Bunions and Bunion Surgery: Everything you need to know
Mr Ewan Kannegieter is a Consultant Podiatric Surgeon with over 20 years’ experience operating on and treating foot conditions. He is based at Phoenix Hospital Chelmsford in Essex.
24th to the 30th April is Foot Health Week.
Bunions are a very common foot problem with up to 30% of adults developing some degree of bunion deformity at some point in their lives. Bunions can be painful, unsightly, and uncomfortable. If left untreated, they may worsen and lead to footwear fitting problems, crowding and buckling of the other toes, arthritis within the bunion joint and increasing pain.
If you are considering bunion surgery, it is important to understand the causes, symptoms, and treatment options. In this blog post, Mr Ewan Kannegieter will review the causes, symptoms, diagnosis, and treatment options.
What is a bunion?
A bunion is a shift of 2 bones – the 1st metatarsal and the base of the toe, where they form an offset angle. When they shift they can cause a bony enlargement or bump. The bunion can be painful as it can cause inflammation and tenderness when walking or wearing certain shoes. A bunion can also lead to other problems such as corns, calluses, hammertoes, and arthritis.
Causes of bunions
The cause of a bunion is thought to be genetic, for example you may have inherited a particular foot type. Years of wearing tight or uncomfortable shoes may exacerbate a bunion, but is not the initial cause.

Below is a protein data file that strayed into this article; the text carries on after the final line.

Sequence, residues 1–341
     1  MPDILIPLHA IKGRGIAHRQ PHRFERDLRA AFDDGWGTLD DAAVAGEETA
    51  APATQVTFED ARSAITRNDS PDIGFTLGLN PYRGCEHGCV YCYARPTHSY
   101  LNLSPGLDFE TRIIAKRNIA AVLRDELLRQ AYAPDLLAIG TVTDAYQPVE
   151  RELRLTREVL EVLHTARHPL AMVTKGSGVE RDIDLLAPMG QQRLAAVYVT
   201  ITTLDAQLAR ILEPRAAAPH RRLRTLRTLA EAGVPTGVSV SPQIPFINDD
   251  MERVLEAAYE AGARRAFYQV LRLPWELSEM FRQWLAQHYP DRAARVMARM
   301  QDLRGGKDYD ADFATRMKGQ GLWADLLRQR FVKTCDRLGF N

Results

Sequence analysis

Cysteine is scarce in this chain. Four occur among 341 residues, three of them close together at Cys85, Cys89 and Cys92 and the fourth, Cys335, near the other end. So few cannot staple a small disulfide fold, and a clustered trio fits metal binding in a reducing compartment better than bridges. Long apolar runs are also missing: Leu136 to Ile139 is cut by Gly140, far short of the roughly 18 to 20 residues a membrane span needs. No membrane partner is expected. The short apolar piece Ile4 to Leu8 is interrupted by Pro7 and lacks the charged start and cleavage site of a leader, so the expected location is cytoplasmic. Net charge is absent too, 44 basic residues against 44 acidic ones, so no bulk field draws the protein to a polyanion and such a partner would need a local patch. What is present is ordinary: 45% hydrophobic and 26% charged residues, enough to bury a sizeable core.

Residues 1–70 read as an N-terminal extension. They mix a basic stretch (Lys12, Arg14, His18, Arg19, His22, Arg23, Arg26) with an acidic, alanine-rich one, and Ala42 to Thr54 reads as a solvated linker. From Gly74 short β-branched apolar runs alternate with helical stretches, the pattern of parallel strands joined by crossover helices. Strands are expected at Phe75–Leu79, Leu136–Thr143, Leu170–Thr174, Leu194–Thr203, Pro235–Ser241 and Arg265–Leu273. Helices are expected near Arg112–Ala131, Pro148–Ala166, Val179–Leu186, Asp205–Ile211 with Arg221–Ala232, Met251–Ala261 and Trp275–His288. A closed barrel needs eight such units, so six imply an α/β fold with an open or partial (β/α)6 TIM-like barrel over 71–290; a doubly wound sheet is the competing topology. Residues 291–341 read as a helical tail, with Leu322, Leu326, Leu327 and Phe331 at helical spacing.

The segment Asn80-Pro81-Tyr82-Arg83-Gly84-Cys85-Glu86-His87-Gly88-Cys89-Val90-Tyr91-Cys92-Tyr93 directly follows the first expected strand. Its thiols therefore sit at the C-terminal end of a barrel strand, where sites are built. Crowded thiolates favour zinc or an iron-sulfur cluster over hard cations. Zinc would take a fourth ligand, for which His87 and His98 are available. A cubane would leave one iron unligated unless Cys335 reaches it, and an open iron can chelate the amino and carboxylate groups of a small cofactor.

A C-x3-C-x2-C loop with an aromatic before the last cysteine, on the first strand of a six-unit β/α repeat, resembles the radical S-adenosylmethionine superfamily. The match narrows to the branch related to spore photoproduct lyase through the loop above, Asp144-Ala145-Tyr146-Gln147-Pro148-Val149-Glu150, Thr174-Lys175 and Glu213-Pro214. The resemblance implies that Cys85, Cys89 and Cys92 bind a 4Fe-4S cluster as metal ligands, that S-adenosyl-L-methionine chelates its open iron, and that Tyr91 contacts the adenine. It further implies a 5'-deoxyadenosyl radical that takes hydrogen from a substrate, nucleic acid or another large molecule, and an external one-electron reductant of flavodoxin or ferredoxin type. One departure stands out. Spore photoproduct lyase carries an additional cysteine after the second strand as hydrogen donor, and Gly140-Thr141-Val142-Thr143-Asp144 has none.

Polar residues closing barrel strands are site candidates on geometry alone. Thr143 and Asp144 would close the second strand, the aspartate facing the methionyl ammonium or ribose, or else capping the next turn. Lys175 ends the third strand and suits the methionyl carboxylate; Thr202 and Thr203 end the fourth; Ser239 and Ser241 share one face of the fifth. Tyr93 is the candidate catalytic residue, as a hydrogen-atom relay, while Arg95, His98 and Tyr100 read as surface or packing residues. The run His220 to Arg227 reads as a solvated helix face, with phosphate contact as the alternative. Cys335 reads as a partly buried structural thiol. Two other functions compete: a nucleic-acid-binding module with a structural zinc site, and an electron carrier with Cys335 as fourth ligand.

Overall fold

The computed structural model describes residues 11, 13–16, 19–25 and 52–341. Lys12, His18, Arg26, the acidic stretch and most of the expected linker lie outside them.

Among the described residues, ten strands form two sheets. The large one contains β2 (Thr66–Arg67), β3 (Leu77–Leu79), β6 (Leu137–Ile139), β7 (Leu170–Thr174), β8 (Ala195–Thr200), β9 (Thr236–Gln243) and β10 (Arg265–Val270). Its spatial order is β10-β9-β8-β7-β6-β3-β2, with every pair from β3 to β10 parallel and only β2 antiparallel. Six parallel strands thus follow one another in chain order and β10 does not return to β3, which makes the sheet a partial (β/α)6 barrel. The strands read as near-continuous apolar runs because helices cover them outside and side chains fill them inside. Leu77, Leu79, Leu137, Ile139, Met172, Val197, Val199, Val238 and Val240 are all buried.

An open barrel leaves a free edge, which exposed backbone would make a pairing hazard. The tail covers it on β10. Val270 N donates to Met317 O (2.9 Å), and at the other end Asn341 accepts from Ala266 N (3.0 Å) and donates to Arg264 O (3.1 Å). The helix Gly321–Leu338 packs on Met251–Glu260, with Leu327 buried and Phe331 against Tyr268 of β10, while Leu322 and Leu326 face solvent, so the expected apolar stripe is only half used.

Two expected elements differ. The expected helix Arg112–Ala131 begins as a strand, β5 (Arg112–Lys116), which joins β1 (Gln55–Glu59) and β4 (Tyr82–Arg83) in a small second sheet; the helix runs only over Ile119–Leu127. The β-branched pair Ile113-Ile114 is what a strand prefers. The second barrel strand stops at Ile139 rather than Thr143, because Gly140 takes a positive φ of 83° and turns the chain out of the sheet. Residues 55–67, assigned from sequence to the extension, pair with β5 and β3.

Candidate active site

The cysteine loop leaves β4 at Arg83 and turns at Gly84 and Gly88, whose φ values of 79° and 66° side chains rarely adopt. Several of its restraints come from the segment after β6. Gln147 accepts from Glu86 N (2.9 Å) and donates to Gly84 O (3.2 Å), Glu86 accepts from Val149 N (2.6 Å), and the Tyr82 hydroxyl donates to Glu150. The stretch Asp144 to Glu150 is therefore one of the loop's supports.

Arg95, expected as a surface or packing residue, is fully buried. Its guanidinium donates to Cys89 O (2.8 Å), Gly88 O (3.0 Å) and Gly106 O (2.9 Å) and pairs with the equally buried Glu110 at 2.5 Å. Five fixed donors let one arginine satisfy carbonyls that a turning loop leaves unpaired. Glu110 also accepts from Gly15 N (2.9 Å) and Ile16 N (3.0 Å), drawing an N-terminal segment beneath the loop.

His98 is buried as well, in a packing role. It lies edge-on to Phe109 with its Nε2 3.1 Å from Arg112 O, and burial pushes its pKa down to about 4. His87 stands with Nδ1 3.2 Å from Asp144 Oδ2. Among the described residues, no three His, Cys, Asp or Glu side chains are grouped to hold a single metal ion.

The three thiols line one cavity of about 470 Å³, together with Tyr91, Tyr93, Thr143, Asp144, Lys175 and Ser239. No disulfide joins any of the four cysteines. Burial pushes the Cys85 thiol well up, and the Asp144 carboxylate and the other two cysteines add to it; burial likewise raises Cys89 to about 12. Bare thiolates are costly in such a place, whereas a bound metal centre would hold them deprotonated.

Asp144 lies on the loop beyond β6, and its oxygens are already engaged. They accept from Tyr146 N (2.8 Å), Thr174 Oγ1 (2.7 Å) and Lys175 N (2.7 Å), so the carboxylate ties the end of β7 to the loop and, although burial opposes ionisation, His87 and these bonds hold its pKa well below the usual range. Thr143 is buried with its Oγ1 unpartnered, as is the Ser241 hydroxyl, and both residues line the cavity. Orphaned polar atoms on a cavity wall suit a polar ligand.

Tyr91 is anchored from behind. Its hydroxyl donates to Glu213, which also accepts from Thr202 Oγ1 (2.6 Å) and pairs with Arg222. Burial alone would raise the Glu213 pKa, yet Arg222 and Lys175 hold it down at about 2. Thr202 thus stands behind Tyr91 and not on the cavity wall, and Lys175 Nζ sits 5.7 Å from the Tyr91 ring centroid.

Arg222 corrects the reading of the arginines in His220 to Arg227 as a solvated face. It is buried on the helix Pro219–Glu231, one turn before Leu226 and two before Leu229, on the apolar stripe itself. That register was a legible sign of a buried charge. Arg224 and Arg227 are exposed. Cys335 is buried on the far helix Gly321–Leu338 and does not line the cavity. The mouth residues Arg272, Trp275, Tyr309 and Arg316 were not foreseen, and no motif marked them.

How are bunions diagnosed?
Diagnosing bunions requires both a consultation with a foot specialist and an x-ray of the foot. X-rays are used as a baseline investigation to chart the degree of deformity or severity and also help to review any arthritic change within the foot, the length of bones, bone stock/quality and changes to other parts of the foot including the lesser toes and arch.
How are bunions treated?
Treatment options for bunions range depending on severity. Conservative treatments that may help relieve pain and discomfort include changing shoes, using orthotics, taking over-the-counter pain medications, or injections for pain relief.
In some cases, surgery may be recommended as a treatment for bunions. The goal of surgery is to improve the alignment of the big toe joint. Commonly performed surgeries include osteotomy (moving and reshaping bones) or fusion (joining two bones). Depending on the extent of the deformity, additional procedures may be necessary. There is an increasing move toward minimally incision surgery (MIS) for bunion correction.
Recovery from bunion surgery
The recovery process following bunion or hallux valgus surgery will vary depending on the procedure performed and how extensive the surgery was. Generally speaking, patients should expect to wear a post-op shoe or boot for 2-3 weeks with immediate heel weight bearing being allowed shortly after the operation. Crutches can be issued if helpful, but are often not necessary. Although patients often transfer into a sneaker/trainer shoe at around 2-3 weeks post-op, bone takes 6-8 weeks to heal and this should be kept in mind when considering return to work and activity. The pros, risks and recovery of any surgery will be discussed with you at your visits to the hospital.
When to see a foot surgeon about a bunion
If you’re experiencing any of the following symptoms, it’s time to make an appointment with us:
- Pain or discomfort that affects your daily activities
- Changes in the shape of your foot, e.g. the bunion is now buckling the lesser toes
- You have exhausted at home conservative measures
To learn more please visit www.kannfootsurgery.com
To book an appointment with Mr Ewan Kannegieter, please call Nikki Freeman on 07808 643950